Alberto Spinelli, 27, has a degree in electronics from the Polytechnic di Milano, and joined Intel on its Recent College Graduate programme. Although he applied to Intel's Milan office, he was offered a job in Swindon in the networking division. His first job, in sales support, involved liaison between the Italian field staff and the Swindon team. He now works in marketing, assisting a European product manager.

Spinelli plans to stay in the UK for now, but he is open minded. "The company is quite dynamic, and there are opportunities in other offices," he says. "They could be in other European countries, or in the US."

Even where a company hires on a country-by-country basis, working overseas is still an option. At Motorola, each business handles its own recruitment, and graduates are generally hired to work in their own country. There are, though, some notable exceptions. One is the company's Cadre 2000 programme, which aims to hire graduates from specific nationalities to work in emerging markets. Currently, Motorola is focusing on Eastern Europe.

Once a graduate joins Motorola, however, working and travelling abroad are definite options. The company runs a "transcultural competences" programme to prepare staff for work on international teams. If Motorola graduates want to work abroad themselves, this will be taken into account during career development sessions. Each Motorola employee fills in a questionnaire every quarter, where they can suggest how they would like to develop their careers.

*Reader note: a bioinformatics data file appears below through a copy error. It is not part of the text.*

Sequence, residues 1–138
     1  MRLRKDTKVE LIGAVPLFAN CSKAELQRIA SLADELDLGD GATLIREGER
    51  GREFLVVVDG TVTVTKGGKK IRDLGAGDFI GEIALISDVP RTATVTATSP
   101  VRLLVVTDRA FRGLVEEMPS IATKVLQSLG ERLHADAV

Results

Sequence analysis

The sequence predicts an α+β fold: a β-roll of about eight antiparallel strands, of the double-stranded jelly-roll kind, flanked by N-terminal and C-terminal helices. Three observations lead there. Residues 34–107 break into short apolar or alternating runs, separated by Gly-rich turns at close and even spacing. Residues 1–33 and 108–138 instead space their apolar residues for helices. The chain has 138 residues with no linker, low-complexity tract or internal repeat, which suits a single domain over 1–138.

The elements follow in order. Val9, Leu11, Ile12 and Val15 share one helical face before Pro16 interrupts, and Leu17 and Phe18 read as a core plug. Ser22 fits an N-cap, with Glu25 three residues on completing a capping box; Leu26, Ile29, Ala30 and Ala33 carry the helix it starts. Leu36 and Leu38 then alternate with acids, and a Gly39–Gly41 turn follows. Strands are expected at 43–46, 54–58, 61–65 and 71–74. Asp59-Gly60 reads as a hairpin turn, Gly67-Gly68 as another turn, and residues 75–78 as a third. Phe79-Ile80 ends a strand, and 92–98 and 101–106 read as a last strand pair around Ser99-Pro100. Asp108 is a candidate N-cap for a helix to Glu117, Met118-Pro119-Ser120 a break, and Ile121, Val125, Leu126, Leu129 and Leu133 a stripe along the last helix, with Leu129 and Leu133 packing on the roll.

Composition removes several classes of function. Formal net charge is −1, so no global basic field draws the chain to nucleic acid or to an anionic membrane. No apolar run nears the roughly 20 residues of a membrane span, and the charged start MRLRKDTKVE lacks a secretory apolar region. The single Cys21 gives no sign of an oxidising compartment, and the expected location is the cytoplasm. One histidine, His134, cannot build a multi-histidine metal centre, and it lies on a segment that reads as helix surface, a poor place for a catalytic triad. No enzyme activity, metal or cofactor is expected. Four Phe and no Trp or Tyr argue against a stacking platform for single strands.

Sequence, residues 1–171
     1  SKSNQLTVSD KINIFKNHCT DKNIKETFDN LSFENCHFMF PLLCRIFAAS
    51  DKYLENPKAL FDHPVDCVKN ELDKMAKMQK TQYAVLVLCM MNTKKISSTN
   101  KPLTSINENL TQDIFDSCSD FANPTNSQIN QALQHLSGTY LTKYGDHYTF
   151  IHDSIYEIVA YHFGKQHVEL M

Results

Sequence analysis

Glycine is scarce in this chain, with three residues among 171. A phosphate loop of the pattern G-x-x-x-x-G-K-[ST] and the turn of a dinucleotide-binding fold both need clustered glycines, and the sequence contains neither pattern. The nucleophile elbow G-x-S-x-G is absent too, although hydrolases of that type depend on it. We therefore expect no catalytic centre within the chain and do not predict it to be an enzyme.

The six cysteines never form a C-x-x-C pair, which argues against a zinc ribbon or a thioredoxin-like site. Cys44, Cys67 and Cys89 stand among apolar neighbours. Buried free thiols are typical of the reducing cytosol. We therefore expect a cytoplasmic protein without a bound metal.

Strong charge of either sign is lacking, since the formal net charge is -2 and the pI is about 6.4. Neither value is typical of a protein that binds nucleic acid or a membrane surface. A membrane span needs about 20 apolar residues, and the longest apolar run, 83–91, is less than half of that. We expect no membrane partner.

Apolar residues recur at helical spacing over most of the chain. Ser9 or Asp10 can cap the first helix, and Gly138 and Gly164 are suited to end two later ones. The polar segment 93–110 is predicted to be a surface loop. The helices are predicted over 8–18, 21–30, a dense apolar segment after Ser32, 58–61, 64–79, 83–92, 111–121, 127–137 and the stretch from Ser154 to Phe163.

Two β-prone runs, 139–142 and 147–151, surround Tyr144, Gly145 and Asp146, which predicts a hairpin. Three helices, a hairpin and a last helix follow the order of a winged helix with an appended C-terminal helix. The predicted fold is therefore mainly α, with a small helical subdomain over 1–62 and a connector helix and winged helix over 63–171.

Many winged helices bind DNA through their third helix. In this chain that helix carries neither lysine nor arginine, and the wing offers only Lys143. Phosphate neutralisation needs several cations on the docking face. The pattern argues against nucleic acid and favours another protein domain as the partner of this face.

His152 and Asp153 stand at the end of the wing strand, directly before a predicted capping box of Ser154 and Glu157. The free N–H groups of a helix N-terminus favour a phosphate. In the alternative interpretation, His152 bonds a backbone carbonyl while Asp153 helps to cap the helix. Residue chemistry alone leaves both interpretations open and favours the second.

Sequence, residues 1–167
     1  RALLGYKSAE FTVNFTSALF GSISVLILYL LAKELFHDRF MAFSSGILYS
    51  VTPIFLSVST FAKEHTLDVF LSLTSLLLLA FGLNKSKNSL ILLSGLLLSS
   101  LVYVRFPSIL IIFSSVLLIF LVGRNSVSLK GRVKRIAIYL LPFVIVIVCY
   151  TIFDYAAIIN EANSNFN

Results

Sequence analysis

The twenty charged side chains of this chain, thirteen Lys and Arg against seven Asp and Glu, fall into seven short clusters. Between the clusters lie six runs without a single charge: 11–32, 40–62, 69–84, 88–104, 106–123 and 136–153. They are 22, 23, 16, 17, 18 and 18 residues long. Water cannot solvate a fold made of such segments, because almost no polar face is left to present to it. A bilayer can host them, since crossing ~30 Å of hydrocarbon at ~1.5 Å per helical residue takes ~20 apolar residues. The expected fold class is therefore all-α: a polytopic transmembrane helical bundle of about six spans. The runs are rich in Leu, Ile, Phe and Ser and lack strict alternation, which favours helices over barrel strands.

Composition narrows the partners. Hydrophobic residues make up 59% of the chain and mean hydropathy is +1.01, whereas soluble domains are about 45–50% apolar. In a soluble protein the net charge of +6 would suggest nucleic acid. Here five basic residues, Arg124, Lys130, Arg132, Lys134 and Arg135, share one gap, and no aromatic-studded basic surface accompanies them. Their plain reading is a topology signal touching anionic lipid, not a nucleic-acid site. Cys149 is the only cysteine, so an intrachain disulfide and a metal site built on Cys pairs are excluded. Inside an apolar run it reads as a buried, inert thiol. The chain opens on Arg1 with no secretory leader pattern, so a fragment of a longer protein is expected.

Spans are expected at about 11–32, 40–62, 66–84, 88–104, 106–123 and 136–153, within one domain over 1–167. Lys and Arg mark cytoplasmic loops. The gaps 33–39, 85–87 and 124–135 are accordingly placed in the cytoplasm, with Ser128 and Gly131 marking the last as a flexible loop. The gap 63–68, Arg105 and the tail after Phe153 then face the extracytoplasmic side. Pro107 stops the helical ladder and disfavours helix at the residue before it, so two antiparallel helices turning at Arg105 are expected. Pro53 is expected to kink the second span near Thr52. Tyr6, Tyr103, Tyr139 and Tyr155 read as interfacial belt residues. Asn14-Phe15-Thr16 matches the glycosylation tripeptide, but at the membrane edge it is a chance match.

"If you are a skilled person, your career path is important, whether in your own country or beyond," explains Mark Durrant, UK corporate communications manager at Motorola. "Most of us find that teams with a mix of nationalities and cultures are much more rich in their approach to their work."

Graduates can find overseas postings in most areas of IT, including manufacturing, systems, software and communications. The Internet, though, is a particular area of growth. UK- and US-based Internet service providers are setting up European operations. The result is more staff movement, both into Europe and across the Atlantic.